© 2005 David Koeller.  All rights reserved.

Keynesian Economics

Keynesian Economics is an economic theory proposed by British economist John Maynard Keynes. His major work came in 1936 in "The General Theory of Employment and Economics." His ideas created a revolution in the world of economics called the Keynesian Revolution. He proposed the idea that governments use deficit spending in order to bring about economic recovery.

His theory of deficit spending was used for economic recovery of the United States during the Depression. Keynes said that the depression was more that but one phase in the business cycle that would improve with time. He claimed that the depression was an equilibrium at a very low level and would persist unless enough spending occurred to get the system going. His solution was to have funds come from either the private sector through traditional forms of investment or from the public sector in the form of aggressive government spending programs and sizable tax cuts(Winkler20).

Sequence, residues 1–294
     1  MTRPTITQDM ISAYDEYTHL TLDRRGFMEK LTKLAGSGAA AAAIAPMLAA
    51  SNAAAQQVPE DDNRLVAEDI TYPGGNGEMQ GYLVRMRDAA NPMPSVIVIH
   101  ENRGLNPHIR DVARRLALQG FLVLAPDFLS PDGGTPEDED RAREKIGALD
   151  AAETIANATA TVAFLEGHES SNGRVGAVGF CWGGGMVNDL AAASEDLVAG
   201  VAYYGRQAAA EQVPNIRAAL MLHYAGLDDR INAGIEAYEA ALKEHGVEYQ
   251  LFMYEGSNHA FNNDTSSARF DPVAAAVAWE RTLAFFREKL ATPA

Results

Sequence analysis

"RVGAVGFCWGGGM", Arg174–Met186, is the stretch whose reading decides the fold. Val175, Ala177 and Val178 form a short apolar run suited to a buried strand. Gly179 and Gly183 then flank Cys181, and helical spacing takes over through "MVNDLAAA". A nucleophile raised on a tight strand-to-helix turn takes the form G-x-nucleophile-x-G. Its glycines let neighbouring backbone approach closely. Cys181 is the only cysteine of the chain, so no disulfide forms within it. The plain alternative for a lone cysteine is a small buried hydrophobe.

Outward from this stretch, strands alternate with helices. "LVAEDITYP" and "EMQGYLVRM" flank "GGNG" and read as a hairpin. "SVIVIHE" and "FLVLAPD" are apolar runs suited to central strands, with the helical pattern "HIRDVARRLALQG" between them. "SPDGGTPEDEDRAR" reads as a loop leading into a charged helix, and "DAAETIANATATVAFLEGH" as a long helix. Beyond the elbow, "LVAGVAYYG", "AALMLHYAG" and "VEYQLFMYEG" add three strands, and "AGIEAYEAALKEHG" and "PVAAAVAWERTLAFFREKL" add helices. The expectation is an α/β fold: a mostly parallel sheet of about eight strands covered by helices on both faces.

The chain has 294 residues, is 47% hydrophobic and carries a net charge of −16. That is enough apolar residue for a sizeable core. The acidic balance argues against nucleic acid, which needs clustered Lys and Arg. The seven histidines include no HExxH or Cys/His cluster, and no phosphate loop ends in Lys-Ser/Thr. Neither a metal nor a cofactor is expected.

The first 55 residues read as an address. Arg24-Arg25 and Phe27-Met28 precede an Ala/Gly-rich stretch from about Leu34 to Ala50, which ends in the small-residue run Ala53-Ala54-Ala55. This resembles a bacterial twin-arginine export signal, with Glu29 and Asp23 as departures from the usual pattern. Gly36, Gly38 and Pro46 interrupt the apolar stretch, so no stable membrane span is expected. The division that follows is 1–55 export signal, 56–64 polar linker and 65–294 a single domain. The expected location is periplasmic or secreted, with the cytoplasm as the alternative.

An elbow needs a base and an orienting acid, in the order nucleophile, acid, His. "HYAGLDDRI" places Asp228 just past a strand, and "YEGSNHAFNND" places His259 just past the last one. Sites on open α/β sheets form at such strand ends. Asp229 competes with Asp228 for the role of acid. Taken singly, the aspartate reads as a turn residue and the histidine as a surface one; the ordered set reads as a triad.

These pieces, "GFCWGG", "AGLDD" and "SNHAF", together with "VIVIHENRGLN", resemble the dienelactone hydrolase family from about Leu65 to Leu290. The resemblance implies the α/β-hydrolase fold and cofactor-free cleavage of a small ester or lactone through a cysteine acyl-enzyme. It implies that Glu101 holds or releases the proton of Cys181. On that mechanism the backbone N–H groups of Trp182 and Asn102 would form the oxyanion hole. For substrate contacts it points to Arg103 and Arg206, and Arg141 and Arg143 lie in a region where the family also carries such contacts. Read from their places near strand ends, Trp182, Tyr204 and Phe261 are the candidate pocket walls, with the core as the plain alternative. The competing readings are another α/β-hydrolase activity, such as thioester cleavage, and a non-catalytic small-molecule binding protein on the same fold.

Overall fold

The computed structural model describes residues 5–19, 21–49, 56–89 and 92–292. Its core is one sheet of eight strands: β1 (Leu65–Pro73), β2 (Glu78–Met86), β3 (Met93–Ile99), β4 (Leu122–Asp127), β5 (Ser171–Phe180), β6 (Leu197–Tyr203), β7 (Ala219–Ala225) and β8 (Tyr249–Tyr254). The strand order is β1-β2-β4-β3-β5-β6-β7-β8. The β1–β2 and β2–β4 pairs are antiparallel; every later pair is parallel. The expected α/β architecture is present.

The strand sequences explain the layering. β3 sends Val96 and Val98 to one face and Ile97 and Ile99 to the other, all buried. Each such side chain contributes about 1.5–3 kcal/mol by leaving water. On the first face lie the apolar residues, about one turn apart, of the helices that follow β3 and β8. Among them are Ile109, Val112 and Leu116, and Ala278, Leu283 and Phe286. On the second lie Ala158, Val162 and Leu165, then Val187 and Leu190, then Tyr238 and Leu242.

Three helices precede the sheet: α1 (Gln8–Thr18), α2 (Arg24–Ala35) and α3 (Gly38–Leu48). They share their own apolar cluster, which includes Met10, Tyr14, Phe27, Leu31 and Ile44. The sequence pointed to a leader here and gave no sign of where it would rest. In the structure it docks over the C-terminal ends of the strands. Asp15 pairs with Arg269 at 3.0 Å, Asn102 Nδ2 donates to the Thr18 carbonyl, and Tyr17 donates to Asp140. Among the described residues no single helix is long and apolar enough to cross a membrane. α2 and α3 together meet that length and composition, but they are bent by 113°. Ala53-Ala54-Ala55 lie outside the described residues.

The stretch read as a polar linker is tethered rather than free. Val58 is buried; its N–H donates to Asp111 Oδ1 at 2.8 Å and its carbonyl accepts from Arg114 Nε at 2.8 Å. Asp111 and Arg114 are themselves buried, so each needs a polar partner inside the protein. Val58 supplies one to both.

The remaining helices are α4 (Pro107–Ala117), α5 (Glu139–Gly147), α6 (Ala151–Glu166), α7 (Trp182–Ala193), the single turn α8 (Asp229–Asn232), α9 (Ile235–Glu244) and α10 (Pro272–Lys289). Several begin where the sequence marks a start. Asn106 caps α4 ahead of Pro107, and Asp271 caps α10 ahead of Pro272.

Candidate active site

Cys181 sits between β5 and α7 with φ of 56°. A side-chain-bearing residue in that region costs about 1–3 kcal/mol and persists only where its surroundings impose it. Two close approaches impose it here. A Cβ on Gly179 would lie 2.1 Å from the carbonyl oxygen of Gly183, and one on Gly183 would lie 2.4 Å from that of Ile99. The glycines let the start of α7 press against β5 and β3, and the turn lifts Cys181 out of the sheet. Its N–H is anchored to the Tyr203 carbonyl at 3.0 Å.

Franklin Roosevelt used Keynes's theory in order to help the country recover from the Depression in some of his New Deal program. Roosevelt's "emergency expenditures" was a humanitarian spending for relief and public works made up the bulk of government expenditure's and deficit until was preparations began in 1940(Collin4).

Keynesian theory continued on to influence the government. It came into play in solving post-war employment, which resulted in the Employment Act of 1946. It institutionalized Keynesianism into the government bureaucracy(Collin13). Keynes's theory provided a solution for the depression that helped in the recovery of the United States(Collins2). Through his idea of deficit spending, enough money would be put into the economy that spending would occur and the recovery process would begin.


Collins, Robert M., The Response to Keynes 1929-1964. (New York; Columbia University Press, 1991).

Winkler, Allan M., Homefront USA: America during World War II. (Arlington Heights, IL; Harlan Daivdson, INC., 1986).

Edited, Researched and Written by: Amy L. Whittie
October 14, 1997

Text copyright 1997 by ThenAgain. All rights reserved.